Since Noisebridge opened its doors in 2008, it quickly became not just a place to build robots or meddle with security systems, but a DIY community center in its own right. Today it plays host to everything from LitQuake events to vegan cooking lessons, thanks in large part to its anarchist structure and open access policy.
But Noisebridge's one rule—“Be excellent to one another”—is the kind of toothless techno-libertarian feel-good sloganeering that does little to protect the community. As Noisebridge member Hannah Grimm details, harassment is common and never criticized:
I've been spending time at Noisebridge for the last year, and in that time, I've been harassed by multiple people on many different occasions, almost always with members present. Never once has a member intervened or spoken up on my behalf: not when Weev called me a cunt or made anti-semitic, anti-mormon, anti-woman, anti-gay jokes loudly in the space, not when someone loudly (and descriptively) told me about the “sluts” they double-penetrated the night before, not when an individual (upon seeing me about to leave the space on my Powerisers) declared “I love your stilts. I'm going to make you my bride and then those will be mine” before slapping my ass as I was leaving just a few weeks ago. The closest thing I have felt to supported in the space was when one individual decided to doocratically paint over the bathroom wall, which at the time was covered in images of maimed and broken crying women with enormous tits and waists so thin they would make Barbie jealous. It has become abundantly clear to most women in the space that “Be Excellent” has failed us.
And it's not just Hannah. Another member reports being “pinned down on a table” while another member “began unzipping [their] pants without any permission at all, refusing to stop even after [they] froze in fear asking what the fuck [he was] doing.”
It would seem that these black hat brogrammers are not Being Excellent, but largely in part of Noisebridge's consensus-based decision making process (which allows any one member to block a decision), women have not been empowered to remove misogynists from the community:
…attempts to remove sexual predators from the space have been stymied by the presence of lone, oblivious members of the community who simply refuse to believe that someone they consider a friend might not be a friend to women in the space. The situation at Noisebridge has gotten so bad (alongside other issues such as dirtiness and homeless people living in the space) that long-time members went so far as to put in a proposal that Noisebridge seek to terminate its lease, presumably to then rebirth itself at a new location with tighter access control.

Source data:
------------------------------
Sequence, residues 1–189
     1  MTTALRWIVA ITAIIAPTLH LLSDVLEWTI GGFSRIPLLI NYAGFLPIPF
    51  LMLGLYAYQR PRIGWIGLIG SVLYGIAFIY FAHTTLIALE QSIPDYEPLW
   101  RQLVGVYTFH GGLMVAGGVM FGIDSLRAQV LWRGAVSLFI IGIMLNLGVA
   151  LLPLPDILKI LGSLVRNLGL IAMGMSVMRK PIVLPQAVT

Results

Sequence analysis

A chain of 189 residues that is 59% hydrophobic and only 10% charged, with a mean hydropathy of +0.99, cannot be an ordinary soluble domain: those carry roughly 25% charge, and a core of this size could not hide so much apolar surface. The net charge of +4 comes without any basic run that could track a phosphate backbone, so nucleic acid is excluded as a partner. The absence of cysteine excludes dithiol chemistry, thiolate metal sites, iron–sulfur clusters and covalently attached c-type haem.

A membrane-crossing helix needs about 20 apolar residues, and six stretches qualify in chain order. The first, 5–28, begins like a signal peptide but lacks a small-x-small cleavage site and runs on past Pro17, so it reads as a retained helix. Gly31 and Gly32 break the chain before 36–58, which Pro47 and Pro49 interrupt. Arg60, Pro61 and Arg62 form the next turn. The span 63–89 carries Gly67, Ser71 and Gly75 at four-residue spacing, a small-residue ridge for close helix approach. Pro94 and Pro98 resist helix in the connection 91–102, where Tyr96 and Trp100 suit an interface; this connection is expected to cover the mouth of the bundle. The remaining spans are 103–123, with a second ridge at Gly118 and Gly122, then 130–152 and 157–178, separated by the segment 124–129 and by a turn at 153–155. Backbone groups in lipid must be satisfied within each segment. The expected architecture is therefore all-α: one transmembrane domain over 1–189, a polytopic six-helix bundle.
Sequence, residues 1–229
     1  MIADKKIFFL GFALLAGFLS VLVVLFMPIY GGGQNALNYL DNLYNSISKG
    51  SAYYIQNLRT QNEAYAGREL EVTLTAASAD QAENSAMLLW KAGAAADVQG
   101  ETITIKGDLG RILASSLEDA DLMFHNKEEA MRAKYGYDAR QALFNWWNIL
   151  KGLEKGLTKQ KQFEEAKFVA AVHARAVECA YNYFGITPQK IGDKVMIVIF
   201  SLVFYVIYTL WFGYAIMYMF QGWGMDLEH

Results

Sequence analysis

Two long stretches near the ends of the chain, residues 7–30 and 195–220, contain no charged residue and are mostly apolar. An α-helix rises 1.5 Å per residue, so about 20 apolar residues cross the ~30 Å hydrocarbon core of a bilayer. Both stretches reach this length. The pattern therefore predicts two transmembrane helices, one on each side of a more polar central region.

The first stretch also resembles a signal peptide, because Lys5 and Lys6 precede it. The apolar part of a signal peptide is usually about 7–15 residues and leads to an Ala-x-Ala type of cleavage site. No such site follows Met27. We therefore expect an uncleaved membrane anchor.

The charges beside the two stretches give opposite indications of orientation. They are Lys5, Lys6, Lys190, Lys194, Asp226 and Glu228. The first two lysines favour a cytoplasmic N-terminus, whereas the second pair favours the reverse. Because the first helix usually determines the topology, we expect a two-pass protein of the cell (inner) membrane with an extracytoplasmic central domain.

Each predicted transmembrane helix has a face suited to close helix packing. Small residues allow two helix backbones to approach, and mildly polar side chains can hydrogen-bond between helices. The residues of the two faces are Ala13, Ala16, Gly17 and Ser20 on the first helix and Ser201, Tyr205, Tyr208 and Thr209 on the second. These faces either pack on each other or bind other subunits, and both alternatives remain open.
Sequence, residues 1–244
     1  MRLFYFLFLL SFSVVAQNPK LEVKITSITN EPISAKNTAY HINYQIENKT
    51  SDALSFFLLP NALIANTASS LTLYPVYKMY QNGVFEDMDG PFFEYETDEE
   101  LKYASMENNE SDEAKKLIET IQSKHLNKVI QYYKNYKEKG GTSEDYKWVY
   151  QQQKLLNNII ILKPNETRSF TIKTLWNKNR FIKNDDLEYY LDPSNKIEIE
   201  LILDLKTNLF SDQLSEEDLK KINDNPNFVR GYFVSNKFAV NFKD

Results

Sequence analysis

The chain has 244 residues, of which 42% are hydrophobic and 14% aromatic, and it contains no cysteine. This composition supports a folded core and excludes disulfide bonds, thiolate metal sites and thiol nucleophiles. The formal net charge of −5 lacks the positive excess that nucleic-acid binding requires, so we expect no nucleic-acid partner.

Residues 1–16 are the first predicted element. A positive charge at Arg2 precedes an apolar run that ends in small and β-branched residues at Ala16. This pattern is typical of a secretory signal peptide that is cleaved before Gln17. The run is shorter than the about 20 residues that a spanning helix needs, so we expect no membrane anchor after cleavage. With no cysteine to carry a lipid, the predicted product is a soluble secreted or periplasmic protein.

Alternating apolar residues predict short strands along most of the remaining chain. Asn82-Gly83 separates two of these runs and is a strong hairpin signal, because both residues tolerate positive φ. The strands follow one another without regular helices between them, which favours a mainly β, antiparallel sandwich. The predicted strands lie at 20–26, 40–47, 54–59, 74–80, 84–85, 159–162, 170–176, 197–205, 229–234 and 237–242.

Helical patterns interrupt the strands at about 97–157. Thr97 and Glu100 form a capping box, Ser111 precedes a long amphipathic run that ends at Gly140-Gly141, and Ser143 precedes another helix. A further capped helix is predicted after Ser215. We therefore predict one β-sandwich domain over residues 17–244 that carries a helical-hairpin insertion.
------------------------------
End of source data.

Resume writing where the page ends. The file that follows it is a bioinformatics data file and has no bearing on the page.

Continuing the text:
Instead of shutting down, Noisebridge instituted a sexual harassment policy—albeit provisionally, to protect against member's fears of censorship and (the long discredited notion) that women level false accusations of rape.
Noisebridge refused to comment, with a member saying it's not “possible” to get a response from a leaderless organization.
As you may remember, a “naked, spitting and pissing man” laid waste to the 16th and Mission BART station last month, photographed doing the splits by the fearless newshounds of The Bold Italic. Now a month later, a video has finally surfaced of the full-frontal assault.
The video is fairly disturbing—and certainly NSFW—but in spite of bizarro Reggie Watts' fighting, harassing, and bringing victims to tears, we're nevertheless impressed with his abilities in turning the fare gates into balance beams (which, we hope we thoroughly cleansed after the incident).
Predictably, the majority of passengers cannot be bothered with his theatrics, not even taking out their cellphones for a quick pic of the glistening spectacle. However, one bike-totting rider at the 2:25 mark gave the collapsed psychotic's butt a nice kick, proving that we haven't forgotten how to check an uncouth man's vital signs.
UPDATE: And here's the video of the arrest:
I'm not totally sure how the artist's statement behind this decapitated baby head whirligig would read, but I imagine its purpose is to make small children cry and make big children (me) laugh. Regardless, it's the most refreshing piece of street art this blogger has seen in Clarion Alley in quite some time.
Here's a moving picture Instagram of it in action:
We always knew that the people protesting basic freedoms outside of Valencia Street's Planned Parenthood were a bit unhinged, but their tantrum during last week's Board of Supervisor's meeting—when the board created a 25 foot protest-free “bubble” around the city's reproductive clinics—defies our already low opinion of them. The Examiner's Melissa Griffin caught the scene:
At the meeting, a number of anti-abortion activists came to register their opposition to the law, and while I usually listen to the meetings while doing other work, I stopped multitasking when the first activist said, “This is my daughter. She was born on April 22, much to the chagrin of my husband. April 20 — 4/20 — might have been more fun, living in San Francisco.”
So, yes, it started with drug humor and got worse. “I have a question for the supervisors and all the people present here. Have y’all heard of the Emancipation Proclamation?” said the next activist. “There was a time when, if I had the means and the desire, I could own slaves.”Then, pointing to various supervisors, two of whom are black, she said, “I could own you. I could own you. I could — usually the black people — I could own them. Yes I could. You would belong to me.” She went on to say that eventually, we will all view abortion like slavery, as something we can’t believe we tolerated. At least that’s what I think she said. By that point, I had crawled completely under my desk.
Fortunately, the law passed.